Square towers were built before Saladin is my point. Saying that makes the implication that this is 'new' influence on Islamic architecture, when it is not. At best it is misleading and at worst it is totally incorrect. If the article is not going to give a broad understanding of the trends in military architecture from before the rise of 'castles' in Europe then we should avoid such flimsy one liners and passages because they are woefully inadequate. In the region that the crusaders entered you had ancient Persian castles, Roman fortresses, Islamic fortresses/castles, Armenian castles and so forth with all sorts of styles of military architecture all predating Saladin. This region was an area that was the focus point of intense warfare for thousands of years and certainly most military architectural styles were not new.Big-dynamo (talk) 01:44, 7 November 2014 (UTC)
Case in point. The fortified palace of the Aljaferia was built in the late 11th century. During the same time period as the Norman invasion. It was based on earlier fortresses in Baghdad and Cordoba, like the Great Mosque of Cordova and Al-Ukhaidir_Fortress. Big-dynamo (talk) 12:57, 10 November 2014 (UTC)


  • Most of the article is about the Castles in Europe. Not much about other regions of the world like China, India, Persia etc. This article in its current shape should have a title like "Castles in Europe". The article 'Castle' should be rewritten. ماني a.k.a. [[User:Mani1]] (talk) 06:14, 26 June 2015 (UTC)
The word 'castle' has a very specific meaning in English, it is narrowly defined as a building combining the functions of a royal or noble palace, and a military fortress. In most other languages there's no word with this precise meaning. For example its cognate in Spanish, 'castillo' is also frequently used to refer to sites that would be called forts in English, and its French cognate 'chateau' is the opposite, referring to any grand residence regardless of fortification.

If there are specific sites outside of Europe you have in mind that fall within this scope, then I can't see anyone objecting to their addition.

Then you haven't read the archives here, or the extended discussions at the FAC! Johnbod (talk) 14:51, 26 July 2015 (UTC)

Because even if you (User Man1) can find examples in other countries or languages in which there is a fortified residence of a noble, but also used as a military headquarters, the small group of Eurocentric editors who claim custody of this article will dig in their heels and claim the word "castle" has some special esoteric meaning that only they, as true castle scholars, can understand. Any quoted sources will be dismissed as too broad or too specialized, but not specialized in the right way. - Boneyard90 (talk) 13:22, 27 July 2015 (UTC)

Ultimately it just makes sense to keep different traditions like the shiro (Japanese castle), perhaps the closest, in their own articles (not all of which yet exist). The subject is big enough as it is. Johnbod (talk) 14:04, 27 July 2015 (UTC)
It is Eurocentric in the sense that this combination of fortress and royal residence are new when they are not. All civilizations and cultures have had such structures since thousands of years ago. Case in point the early images of fortified palace walls in Egyptian temples and tombs as a symbol of royalty. In Babylon, Egypt, Persia, Armenia, Islamic North Africa, Islamic Spain, Central Asia and Rome you had similar structures and these are just a few cultures who directly influenced such structures in Europe. Unfortunately, that is not so much a wikipedia issue, as it is an issue with the scholarship around such structures within the larger academic community. So we cannot expect wikipedia to go against current scholarship in that regard. Big-dynamo (talk) 15:37, 18 August 2015 (UTC)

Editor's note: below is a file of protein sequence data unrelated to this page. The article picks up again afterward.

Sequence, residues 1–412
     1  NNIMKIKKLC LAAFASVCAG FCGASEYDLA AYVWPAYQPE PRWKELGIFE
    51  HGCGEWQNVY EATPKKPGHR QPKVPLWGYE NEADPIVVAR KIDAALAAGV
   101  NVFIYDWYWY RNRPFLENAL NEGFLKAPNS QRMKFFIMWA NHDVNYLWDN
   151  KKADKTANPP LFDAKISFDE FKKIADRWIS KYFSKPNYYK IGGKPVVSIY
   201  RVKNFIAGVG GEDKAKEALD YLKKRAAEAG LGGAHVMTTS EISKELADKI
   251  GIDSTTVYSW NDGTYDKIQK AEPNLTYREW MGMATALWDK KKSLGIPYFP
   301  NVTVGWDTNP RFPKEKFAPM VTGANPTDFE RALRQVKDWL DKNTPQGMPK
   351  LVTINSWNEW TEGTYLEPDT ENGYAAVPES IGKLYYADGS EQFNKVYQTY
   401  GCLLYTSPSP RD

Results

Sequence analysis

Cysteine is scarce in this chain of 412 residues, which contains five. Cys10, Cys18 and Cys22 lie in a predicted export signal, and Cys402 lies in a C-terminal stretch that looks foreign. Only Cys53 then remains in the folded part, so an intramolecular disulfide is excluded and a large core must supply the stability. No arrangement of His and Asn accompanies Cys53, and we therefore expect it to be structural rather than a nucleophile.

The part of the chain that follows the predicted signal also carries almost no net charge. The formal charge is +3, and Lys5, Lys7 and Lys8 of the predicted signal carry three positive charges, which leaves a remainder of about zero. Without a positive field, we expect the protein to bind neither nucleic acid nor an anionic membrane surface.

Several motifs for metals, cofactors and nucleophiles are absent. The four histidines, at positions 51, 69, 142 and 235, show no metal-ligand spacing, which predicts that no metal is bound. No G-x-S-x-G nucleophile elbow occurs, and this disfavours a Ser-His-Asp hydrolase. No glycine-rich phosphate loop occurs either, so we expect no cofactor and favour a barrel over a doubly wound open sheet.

This article should be about castles in general. The current article as-is should be moved to the redirect page at European castle. ミーラー強斗武 (StG88ぬ会話) 20:38, 13 August 2016 (UTC)

  • @ It is original research to act on "a castle is defined as X, and this article should discuss structures that fall under this definition". This article should discuss structures referred to in English-language reliable sources as "castles", regardless of whether they fit whatever super-narrow (and unsourced) definition of the word "castle" you want to apply. Hijiri 88 (やや) 07:58, 15 August 2016 (UTC)
  • @Hijiri88: Who is that IP that you pinged? Anyhow, this article shouldn't explicitly limit castles to "Europe and the Middle East during the Middle Ages" or outright claim that they are solely "a European innovation". This claim that the word "castle" has such a difinitive meaning in English is invalid; it's used just as willy-nilly as castillo, château, and gusuku. This article should be broadened or moved to a Europe-specific title and a general article created. ミーラー強斗武 (StG88ぬ会話) 06:09, 16 August 2016 (UTC)
  • The global and general article is Fortification, to which "Stronghold", "Fortress", and "Fort" redirect. These are the appropriate way to go - "fort" is the normal English term used in Africa, India and elsewhere (and Indian forts can be closer to the castle definition than most), as well as in Europe outside the Middle Ages. The article is not bad, on a quick look, but can be improved considerably. This article is already 95K bytes long, and could not fit additional global/all periods material at the same depth. Johnbod (talk) 12:12, 16 August 2016 (UTC)